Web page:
Of the twenty songs that appear on this album, five were unreleased at the time the show was recorded. Five appeared on the live Roxy & Elsewhere (recorded in December 1973 and was released less than 2 weeks before these Helsinki performances). When one compares the performances on Roxy & Elsewhere and YCDTOSA Vol 2 one can easily tell the band benefitted from much touring. The music is instrumentally complex. The band navigates the many twists and turns of Frank Zappa’s music effortlessly. What is missing from YCDTOSA Vol 2 are the funny spoken-word introductions to the songs that you hear on Roxy & Elsewhere [like Cheepnis or Village of the Sun]. But that is a minor complaint because there was a language barrier in Finland not present in Los Angeles.

For one evening only, Frank and Company played a request, Satumaa (Finnish Tango). Napoleon Murphy Brock tried his best to sing in phonetic Finnish, but he butchered it anyway. One gets the impression the band was sight-reading the whole time, but pictures exist of them rehearsing the song beforehand. One funny moment came toward the end of the show. When FZ asked the crowd what they wanted to hear, one brave soul yelled out “Whipping Post.” Apparently he had been listening to The Allman Brothers At Fillmore East. Amazingly, neither FZ nor anybody in the band knew the Allman Brothers tune. FZ asked the guy to hum a few bars. You don’t hear anything from the guy so FZ tells the band to launch into Montana. There are a couple of false starts and apparently someone complained (I think it was Ruth Underwood and Chester Thompson) the band played it too fast. After they third time they played real slow, prompting FZ to comment they were playing at the tempo of a ballad (FZ didn’t do ballads – ever). To top things off, FZ improvised his own lyrics and tried to fit a “Whipping Post” theme into it. Years later, Frank Zappa and his band learned “Whipping Post” and played it in Finland. According to a Finnish guy who reviewed this album for Amazon, he claimed to have been at the later show, he attributed the following to FZ: "guess what - we now know the song you requested back in '74", and performed it.

As for my, some of my favorite moments come on some of the older stuff, like the The Dog Breath Variations/Uncle Meat combination. I also likes the Village of the Sun/Echidna's Arf combination as well. I think it sounds much better than what was released on Roxy & Elsewhere. Pygmy Twylyte is much longer in Helsinki [it's a monster!]. Of note, the guitar solo on Inca Roads was lifted from this performance and became part of the recording on One Size Fits All. FZ must have really liked the solos he played for Inca Roads because I've got five versions of it between his Shut Up & Play Yer Guitar, Guitar, and Trance-Fusion collections.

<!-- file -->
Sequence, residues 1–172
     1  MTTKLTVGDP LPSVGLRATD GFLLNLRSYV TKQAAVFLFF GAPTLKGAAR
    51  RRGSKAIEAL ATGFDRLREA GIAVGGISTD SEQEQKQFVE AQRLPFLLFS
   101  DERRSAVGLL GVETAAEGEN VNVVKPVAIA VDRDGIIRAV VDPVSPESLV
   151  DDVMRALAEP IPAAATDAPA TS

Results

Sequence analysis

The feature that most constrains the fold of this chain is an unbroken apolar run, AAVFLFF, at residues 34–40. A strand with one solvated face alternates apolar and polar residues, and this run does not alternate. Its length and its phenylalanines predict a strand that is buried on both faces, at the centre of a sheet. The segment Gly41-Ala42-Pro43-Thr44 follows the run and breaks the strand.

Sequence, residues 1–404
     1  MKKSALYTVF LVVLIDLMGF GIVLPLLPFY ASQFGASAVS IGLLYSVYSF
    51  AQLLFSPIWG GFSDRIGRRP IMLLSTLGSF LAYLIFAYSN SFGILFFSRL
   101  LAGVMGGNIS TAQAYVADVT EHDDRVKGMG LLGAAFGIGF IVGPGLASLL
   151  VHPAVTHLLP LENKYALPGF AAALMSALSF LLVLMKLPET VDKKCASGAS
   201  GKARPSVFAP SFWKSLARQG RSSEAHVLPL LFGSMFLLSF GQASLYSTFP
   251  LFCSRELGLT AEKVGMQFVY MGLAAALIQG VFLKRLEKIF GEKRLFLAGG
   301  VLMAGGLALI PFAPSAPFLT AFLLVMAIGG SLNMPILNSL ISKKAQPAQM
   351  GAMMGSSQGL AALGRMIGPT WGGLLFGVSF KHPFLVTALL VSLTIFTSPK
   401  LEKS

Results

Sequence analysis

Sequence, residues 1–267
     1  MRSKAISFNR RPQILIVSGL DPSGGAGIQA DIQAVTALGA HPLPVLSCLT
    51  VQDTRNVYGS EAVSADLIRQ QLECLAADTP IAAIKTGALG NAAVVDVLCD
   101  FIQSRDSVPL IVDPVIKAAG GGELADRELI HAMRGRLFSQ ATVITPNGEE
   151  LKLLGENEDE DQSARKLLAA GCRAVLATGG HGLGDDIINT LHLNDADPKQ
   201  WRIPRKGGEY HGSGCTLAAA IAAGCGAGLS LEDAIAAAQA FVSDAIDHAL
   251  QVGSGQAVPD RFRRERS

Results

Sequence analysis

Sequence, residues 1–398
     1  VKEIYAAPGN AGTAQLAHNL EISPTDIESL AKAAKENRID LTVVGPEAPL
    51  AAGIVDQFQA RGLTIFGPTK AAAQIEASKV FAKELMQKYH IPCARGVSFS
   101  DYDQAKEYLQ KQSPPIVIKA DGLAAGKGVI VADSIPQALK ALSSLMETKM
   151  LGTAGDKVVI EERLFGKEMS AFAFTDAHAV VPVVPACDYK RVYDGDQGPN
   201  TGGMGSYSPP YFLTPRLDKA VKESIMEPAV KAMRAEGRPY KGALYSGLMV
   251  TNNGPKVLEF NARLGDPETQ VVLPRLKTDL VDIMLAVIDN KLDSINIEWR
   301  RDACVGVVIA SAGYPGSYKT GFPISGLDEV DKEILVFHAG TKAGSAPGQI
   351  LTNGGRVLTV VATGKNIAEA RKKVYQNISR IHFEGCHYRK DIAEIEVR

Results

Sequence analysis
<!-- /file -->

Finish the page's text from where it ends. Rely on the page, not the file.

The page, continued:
Many reviews I’ve read about this volume say of the six volumes, this one is the best because of its single-concert format, and because the greatness of the band playing challenging music. It’s the only volume I have in the series. Someday I hope to get other volumes, but until then I’ll be content to list to this nugget from FZ’s vault. If you have to start anywhere in the series, Volume 2 is the place to start.

Disc 1A Token of My Extreme/Stinkfoot/Inca Roads/RDNZL/Village of the Sun/Echidna's Arf (Of You)/ Don't You Ever Wash That Thing?/Pygmy Twylyte/Room Service/The Idiot Bastard Son/Cheepnis
Disc 2Approximate/Dupree's Paradise/Satumaa (Finnish Tango)/ T'Mershi Duween/The Dog Breath Variations/Uncle Meat/Building a Girl/Montana (Whipping Floss)/Big Swifty
The PlayersFZ – lead guitar, vocals/Napoleon Murphy Brock – sax, flute, vocals/George Duke – keyboards, vocals/Ruth Underwood – percussion/Tom Fowler – bass guitar/Chester Thompson - drums

Saturday, January 8, 2011

Allman Brothers Band – The Fox Box, 2004

Since 2003, two years after Warren Haynes rejoined the Allman Brothers Band, the band has participated in the Instant Music program. Here’s the deal – shortly after each Allman Brothers show is over, you have the opportunity to purchase a copy of the concert you just heard. So if you ever want to be on your own Allman Brothers live album, just go to a show. If they run out of copies of that day’s show, don’t worry. The Allman Brothers will sell you a copy on the Hittin’ the Note website. The prices vary depending on how many CDs are needed to capture the show in its entirety. I like to get them because I don’t go to shows anymore, but I still want to hear the Allman Brothers in their environment – the stage. The last time the Allman Brothers recorded a studio album was in 2002 [Hittin’ the Note], so if you are interested in hearing songs you’ve never heard the Allman Brothers play, getting their shows from their website is a pretty good deal. They’ve taken to play music made famous by other musicians [the Grateful Dead, the Band, Howlin’ Wolf, Son House, just to name a few], plus they’ve rearranged some of their old music.

In September 2004, the Brothers played a three-night stand at Atlanta’s Fox Theatre. The setlists:

September 24, 2004Disc 1
Mountain Jam/Trouble No More/Midnight Rider/Wasted Words/Worried Down With the Blues/You Don’t Love Me/Ain’t Wastin’ Time No More
Disc 2
Rockin’ Horse/Hot ‘Lanta/Melissa/Come and Go Blues/Can’t Lose What You Never Had/Why Does Love Got to Be So Sad? ->Franklin’s Tower
Disc 3
Black Hearted Woman/Dreams (w/Jack Pearson)/Mountain Jam (w/Jack Pearson)/ Southbound (w/Jack Pearson)
September 25, 2004Disc 1
Les Brers in A Minor>Don't Want You No More/It's Not My Cross To Bear/Statesboro Blues/Stand Back/Who's Been Talking/Soulshine/Good Clean Fun/Old Before My Time/Woman Across the River
Disc 2
Instrumental Illness/The Night They Drove Old Dixie Down/Leave My Blues At Home/Key To The Highway/Don't Think Twice, It's All Right (Susan Tedeschi, vocals and guitar)/ One Way Out (Vaylor Trucks, guitar)